[NOTE: The Beatles double-tracked their vocals and George Harrison's lead guitar solos, but after a while thought it took too much time, so the audio engineers at Abbey Road Studios designed and built a machine to do it, which they called "Automatic Double Tracking (ADT)", and the Waves effects plug-in is an emulation of the real ADT device . . . ]

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There are three flavors (magnetic, digital, and analog), and the analog flavor does what I need to do, since I can set it in milliseconds as low as 20 milliseconds, which is within the time range of the Haas Effect . . .

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[NOTE: When I was producing and audio engineering "Sweet Hour of Prayer", I thought it would be interesting to devise a way to enhance my singing by blending a bit of cat purring; and the information I found suggests that cat purring is in the range of 25-Hz to 150-Hz. So the cat purring range is in cycles per second (Hertz [Hz]), but the other ranges are in milliseconds. It was a bit confusing, although the result is interesting; and in the grand scheme of everything, it's a bit wacky, but so what . . . ]

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[NOTE: The synthesized cat purring occurs in the fast part of the song at the start of the verses after the lead-in bits (the two repeats of "Sweet Hour of Prayer"); and it's subtle but nice. At the time I was confusing cycles per second with milliseconds, so at the moment I'm not certain what it is, but I call it 'synthesized cat purring" . . . :P ]

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Lots of FUN! :)

P. S. Finding a delay unit that makes it possible to do delays in the range of the Haas Effect is stellar, and it's on par with being able to moonwalk without taking dance lessons or doing a lot of practicing. . .

The only thing that would be even more stellar is being able to do the Mashed Potato dance, which is fabulous . . .

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Fabulous! :punk:

The Surf Whammys

Sinkhorn's Dilemma: Every paradox has at least one non-trivial solution!
User avatar
by Surf.Whammy on Thu Dec 10, 2020 7:09 am
This is the first "Simple and Stupid" song, which took a few hours to compose . . . :)

THOUGHTS

I already had the lyrics from a while ago, so most of the work was composing the various sections (Intro, Verse, Chorus) . . .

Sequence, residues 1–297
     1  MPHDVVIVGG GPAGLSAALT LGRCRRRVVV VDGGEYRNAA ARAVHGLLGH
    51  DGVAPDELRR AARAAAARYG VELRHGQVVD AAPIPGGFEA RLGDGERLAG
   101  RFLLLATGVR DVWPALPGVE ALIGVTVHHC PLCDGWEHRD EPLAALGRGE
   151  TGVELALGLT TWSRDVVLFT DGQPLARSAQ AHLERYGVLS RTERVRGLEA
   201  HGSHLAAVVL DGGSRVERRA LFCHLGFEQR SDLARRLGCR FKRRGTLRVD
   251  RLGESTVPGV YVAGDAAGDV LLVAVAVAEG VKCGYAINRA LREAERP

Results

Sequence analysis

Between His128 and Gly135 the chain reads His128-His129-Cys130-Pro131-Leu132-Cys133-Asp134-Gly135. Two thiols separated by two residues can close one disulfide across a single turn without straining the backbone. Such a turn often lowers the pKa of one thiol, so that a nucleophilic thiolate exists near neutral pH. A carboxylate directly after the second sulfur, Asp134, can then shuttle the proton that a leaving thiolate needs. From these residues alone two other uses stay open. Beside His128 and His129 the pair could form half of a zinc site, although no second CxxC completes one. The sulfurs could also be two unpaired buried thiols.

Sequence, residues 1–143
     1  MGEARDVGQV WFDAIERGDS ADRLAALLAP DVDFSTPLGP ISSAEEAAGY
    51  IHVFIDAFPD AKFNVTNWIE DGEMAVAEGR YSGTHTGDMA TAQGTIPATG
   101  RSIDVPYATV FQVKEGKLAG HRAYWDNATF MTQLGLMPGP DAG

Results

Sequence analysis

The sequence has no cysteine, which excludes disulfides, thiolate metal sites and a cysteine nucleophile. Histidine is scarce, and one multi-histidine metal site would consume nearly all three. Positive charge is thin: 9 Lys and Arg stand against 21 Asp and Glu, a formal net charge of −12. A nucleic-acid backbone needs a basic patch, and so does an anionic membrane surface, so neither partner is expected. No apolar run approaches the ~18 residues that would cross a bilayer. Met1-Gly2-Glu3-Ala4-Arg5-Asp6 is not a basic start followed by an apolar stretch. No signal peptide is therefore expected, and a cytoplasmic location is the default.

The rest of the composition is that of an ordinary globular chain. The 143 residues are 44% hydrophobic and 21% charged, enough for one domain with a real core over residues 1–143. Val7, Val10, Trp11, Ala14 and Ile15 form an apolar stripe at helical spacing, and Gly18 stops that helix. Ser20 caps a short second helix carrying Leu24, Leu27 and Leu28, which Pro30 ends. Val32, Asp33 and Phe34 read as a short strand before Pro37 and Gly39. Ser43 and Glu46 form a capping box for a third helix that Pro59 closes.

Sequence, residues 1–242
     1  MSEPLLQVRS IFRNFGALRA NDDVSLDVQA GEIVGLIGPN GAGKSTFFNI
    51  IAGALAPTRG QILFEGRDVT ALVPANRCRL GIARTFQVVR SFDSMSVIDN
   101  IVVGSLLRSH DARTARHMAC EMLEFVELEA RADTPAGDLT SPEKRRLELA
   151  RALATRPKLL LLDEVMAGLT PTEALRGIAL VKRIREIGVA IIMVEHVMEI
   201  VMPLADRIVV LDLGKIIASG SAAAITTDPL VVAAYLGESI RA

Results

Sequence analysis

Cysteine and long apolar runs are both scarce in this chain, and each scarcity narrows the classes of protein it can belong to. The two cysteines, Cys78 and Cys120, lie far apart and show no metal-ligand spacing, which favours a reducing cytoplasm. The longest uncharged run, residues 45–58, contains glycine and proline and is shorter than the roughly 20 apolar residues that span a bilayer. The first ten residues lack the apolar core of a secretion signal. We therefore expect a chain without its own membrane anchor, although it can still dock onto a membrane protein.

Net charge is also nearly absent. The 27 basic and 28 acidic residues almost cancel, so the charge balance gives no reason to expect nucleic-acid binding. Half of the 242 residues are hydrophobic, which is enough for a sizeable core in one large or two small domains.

Initially, I was thinking about doing one of the "Not Holiday" songs for which I have lyrics from several years ago, with the idea of doing a Surf Christmas genre song about Surfin' Santa who has a woody instead of a sleigh and reindeer, but I decided to do something different and not Christmas related . . .

[NOTE: Eventually, everybody has a Christmas album, but not wanting to be like everyone else, I am planning to do a "Not Holiday" album, and already have the artwork . . . ]

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Lots of FUN! :)

The Surf Whammys

Sinkhorn's Dilemma: Every paradox has at least one non-trivial solution!
User avatar
by Surf.Whammy on Sat Dec 12, 2020 7:07 am
I'm in a holiday mood, so I decided to do a Christmas song . . . :P

THOUGHTS

This is the "Simple and Stupid" version of one of my Christmas songs, which in one flavor or another will be on my "Not Holiday" album . . .

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[NOTE: I might add more stuff to the song, but perhaps not. It's simple and definitely stupid, so that's something . . . ]

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I have had the lyrics for several years, so doing the song mostly was a matter composing the instruments . . .

The lyrics have a line about jingle bells and tambourine, and SampleTank 3 (IK Multimedia) has a nice collection of tambourines, but I didn't have sleigh bells . . .

After a quick search, I found a nice collection of sleigh bells from Sonokinetic and purchased it . . .

Installing the sleigh bells for Kontakt 5 (Native Instruments) took a while, mostly because the files and samples need to be installed but then it needs to be added to Kontakt as a third-party product . . .

There was a video and information at the Sonokinetic support page, and it made sense, hence the install was completed properly, with the key being the product needs to be activated via the Native Access application so Kontakt knows about it . . .

Lots of FUN! :)

The Surf Whammys

Sinkhorn's Dilemma: Every paradox has at least one non-trivial solution!
User avatar
by Surf.Whammy on Tue Dec 15, 2020 7:57 am
The ending for the previous version of "Santa's Got A Woody" was a bit too risqué, so I added more lyrics to the last verse . . . :)

THOUGHTS

I think it's accurate to suggest that nearly every popular song has lyrics with some type of double entendre or not so obvious alternative interpretations, where two of the more surprising songs in this respect are "Love Letters In The Sand" (Ted Black and His Orchestra) and "In Dreams" (Roy Orbison) . . .

[NOTE: Sometime in the history of the song, which was written in the 19th century, a "love letter" gained a new meaning, which specifically is that it's a bullet. This new meaning probably emerged during wartime, and it's not so widely known, but so what. In this version, the singing starts later in the song, so at first it's an instrumental song . . . ]

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[NOTE: In the 1950s and following decades, "candy" had a double meaning, which curiously was used in "The Wizard of OZ" during the sequence where Dorothy and friends fell asleep and then were awaked by "snow", plus the Intro lyrics are a bit creepy, but so what. It's a great song, and Roy Orbison had a wonderful vocal range, which makes it a personal favorite song . . . ]